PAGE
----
More support needed for Austin Gig effort

Published 11:32 am Sunday, June 12, 2016

By Greg Siems

Vision 2020 director

As City Administrator Craig Clark noted in an op-ed last week (“Legislature strikes out on broadband”), our state leaders continue to overpromise and underdeliver when it comes to expanding high-speed broadband Internet access across Minnesota. This isn’t just a matter of being able to download music and movies faster (although that is a nice perk). The pressing issue is how to keep our local economy competitive in the 21st century.

If you’ve been following the efforts to make Austin a “Gig” city, you know the challenges we face here in our community. Research by the Vision 2020 Community Wide Technology committee found that Austin is already falling on the wrong side of the “digital divide.” Internet speeds in larger cities, where it makes more economic sense for providers to invest, continue to improve. Smaller cities, like us, are left with aging technology and providers that are less willing to spend on upgrades due to smaller customer bases.

Most of these upgrades involve the use of fiber optic cable to increase the speed and reliability of broadband networks. Unlike traditional copper wire and wireless products that transmit electrical signals and can get bogged down by too much demand, fiber optics use light beams to send data and are virtually limitless in their capacity to handle more speed and traffic. Once the cables are in place, future technological improvements can be accommodated simply by switching out the above-ground hardware.

It’s only a slight exaggeration, then, to say that communities with access to this technology are able to do business at the speed of light, while places like Austin are essentially forced to compete with one hand tied behind their backs. This is already creating a vicious cycle, with more business starting up and moving to where they can get the best speeds while other communities fall farther behind.

Smaller communities across Minnesota have recognized these trends and are taking matters into their own hands. Places like Monticello, Jackson, Two Harbors, and more have installed city-wide fiber networks and are beginning to reap the benefits. An excellent place to learn more about these projects is the Community Broadband Networks website, www.muninetworks.org. There you can find FAQs, maps, economic development data, and much more.

To take an example from outside Minnesota, Chattanooga, Tennessee, has been the most widely publicized and studied effort of a community offering state-of-the-art broadband to its citizens. Although Chattanooga is obviously different than Austin in many ways, it offers a glimpse at the transformational potential of a community fiber network.

Chattanooga spent about $220 million dollars developing their network, which has translated into 2,800 new jobs and generated over $865 million in economic growth since 2010, a nearly 4-to-1 return on investment. To put this in perspective, it’s estimated that constructing a similar network in Austin would only cost around $35 million. That’s still a lot of money, to be sure, but we have to consider the whole balance sheet. Based on Chattanooga’s experience, we could be looking at over 700 news jobs and $137 million injected into the local economy.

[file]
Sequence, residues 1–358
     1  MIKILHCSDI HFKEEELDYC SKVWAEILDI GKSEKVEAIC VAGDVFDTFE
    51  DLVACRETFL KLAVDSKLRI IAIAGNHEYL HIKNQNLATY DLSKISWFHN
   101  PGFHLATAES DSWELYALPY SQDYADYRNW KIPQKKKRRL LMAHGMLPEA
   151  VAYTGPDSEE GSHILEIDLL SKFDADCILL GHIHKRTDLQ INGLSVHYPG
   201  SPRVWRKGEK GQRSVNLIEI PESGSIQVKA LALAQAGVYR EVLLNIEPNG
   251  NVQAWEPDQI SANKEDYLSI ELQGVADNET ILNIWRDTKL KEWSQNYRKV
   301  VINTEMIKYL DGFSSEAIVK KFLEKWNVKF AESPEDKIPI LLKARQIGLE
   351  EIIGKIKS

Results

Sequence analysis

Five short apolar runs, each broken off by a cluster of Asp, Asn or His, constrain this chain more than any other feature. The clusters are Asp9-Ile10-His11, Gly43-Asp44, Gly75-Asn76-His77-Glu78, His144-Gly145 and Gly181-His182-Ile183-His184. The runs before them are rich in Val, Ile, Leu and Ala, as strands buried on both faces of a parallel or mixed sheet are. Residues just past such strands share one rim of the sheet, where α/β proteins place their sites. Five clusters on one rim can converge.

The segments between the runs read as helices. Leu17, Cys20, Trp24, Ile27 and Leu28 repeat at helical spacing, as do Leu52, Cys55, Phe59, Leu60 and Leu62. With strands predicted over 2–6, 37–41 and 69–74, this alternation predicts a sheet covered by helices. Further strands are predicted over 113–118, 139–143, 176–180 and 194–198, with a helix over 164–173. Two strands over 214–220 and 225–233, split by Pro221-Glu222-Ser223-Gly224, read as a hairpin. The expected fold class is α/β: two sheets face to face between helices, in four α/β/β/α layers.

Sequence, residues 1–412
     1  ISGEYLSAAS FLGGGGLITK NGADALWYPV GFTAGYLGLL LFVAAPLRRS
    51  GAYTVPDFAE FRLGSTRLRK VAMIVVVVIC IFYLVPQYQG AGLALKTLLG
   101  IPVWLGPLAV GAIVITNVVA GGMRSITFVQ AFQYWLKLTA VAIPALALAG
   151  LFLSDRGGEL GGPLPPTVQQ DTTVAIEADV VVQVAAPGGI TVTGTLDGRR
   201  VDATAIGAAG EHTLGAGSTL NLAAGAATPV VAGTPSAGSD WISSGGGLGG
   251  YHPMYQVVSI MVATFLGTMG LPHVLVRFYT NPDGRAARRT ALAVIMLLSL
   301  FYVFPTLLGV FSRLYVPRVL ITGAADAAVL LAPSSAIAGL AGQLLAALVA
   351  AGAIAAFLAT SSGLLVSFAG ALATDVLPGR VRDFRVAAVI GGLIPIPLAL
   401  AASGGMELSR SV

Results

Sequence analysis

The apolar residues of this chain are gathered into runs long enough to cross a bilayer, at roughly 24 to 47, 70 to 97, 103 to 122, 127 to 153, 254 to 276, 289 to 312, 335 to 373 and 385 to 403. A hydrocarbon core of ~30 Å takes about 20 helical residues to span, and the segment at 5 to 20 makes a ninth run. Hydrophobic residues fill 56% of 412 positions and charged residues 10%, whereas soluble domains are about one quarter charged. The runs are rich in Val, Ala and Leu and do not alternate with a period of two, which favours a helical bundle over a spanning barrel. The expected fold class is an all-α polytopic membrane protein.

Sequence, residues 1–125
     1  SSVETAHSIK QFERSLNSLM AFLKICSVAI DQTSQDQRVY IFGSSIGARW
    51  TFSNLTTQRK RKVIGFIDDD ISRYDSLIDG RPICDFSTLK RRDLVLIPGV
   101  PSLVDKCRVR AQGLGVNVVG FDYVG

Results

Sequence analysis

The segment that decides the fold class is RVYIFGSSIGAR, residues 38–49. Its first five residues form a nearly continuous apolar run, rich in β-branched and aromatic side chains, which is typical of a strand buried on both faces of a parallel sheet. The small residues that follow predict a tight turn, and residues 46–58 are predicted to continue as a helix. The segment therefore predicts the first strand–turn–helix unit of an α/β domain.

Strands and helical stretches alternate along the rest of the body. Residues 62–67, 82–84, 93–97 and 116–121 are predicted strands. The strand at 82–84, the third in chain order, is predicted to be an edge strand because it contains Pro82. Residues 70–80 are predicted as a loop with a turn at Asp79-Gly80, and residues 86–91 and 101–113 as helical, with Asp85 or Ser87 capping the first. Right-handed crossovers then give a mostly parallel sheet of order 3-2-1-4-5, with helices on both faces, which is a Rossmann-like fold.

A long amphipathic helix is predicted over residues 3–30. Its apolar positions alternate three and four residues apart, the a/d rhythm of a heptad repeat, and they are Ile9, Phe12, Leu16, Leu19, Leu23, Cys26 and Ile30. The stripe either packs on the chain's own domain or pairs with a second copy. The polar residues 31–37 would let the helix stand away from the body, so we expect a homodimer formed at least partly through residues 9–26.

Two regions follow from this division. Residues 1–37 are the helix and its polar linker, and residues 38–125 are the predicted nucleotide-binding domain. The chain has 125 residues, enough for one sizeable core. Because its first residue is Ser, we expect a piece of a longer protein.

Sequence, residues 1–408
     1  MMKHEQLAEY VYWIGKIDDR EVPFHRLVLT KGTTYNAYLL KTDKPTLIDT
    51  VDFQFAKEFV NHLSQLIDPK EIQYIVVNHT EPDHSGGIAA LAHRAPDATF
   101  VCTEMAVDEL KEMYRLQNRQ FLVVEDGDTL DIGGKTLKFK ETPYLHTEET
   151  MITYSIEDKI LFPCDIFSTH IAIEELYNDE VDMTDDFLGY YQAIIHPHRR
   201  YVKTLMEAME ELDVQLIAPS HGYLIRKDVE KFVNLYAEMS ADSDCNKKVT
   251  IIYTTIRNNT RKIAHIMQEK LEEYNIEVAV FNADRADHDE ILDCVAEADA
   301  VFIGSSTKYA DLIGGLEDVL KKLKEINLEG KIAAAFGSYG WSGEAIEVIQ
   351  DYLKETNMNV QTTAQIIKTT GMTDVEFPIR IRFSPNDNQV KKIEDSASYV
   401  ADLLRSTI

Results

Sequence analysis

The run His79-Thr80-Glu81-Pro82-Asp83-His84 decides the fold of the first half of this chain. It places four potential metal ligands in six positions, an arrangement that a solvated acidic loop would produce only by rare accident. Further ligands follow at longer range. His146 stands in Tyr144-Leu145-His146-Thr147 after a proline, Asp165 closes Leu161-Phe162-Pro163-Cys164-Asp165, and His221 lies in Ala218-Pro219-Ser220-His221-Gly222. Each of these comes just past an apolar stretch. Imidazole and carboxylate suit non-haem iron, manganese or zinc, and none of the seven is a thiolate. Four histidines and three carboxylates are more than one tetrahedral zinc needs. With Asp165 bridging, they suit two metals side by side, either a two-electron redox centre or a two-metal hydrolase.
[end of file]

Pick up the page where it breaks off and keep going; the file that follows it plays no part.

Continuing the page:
When we talk about moving our community forward and making Austin a more attractive place for businesses and families, I can’t think of many investments that would as impactful as community fiber. What’s more, the potential benefits will decline the longer we wait to move on this project. Many communities across the state have already taken action, while Rochester and the Twin Cities won’t stop growing any time soon. If we continue to fall behind the curve, the less we will stand out as an attractive destination for new businesses. There is no reason Austin can’t join the ranks of these other cities and proactively position ourselves for growth in the 21st century.

Think back to 2010-11 when we tried to attract Google to set up a fiber network in Austin. Although I wasn’t here yet, so many people have told me about the passion and excitement that was flowing through town at the time. Everyone knows that Austin wasn’t selected for that project, but we don’t have to rely on distant corporations to make it happen. We can do it ourselves.

This is where we need your help. We are still searching for organizations that want to invest in this project for Austin, which is made even more challenging by the tepid support from the state legislature. The best way for us to stand out is to have a critical mass of people talking about community fiber and demonstrate that we are a forward-thinking community that wants to see it happen. So talk to our local officials, your colleagues at work, family, friends, neighbors and anyone else you can think of about community fiber. Your support is essential and I look forward to building another homegrown, hi-tech movement right here in Austin.

You can visit www.gigaustin.org or www.muninetworks.org to learn more, and please don’t hesitate to contact me at (507) 437-3448 or greg@vision2020austin.com with questions.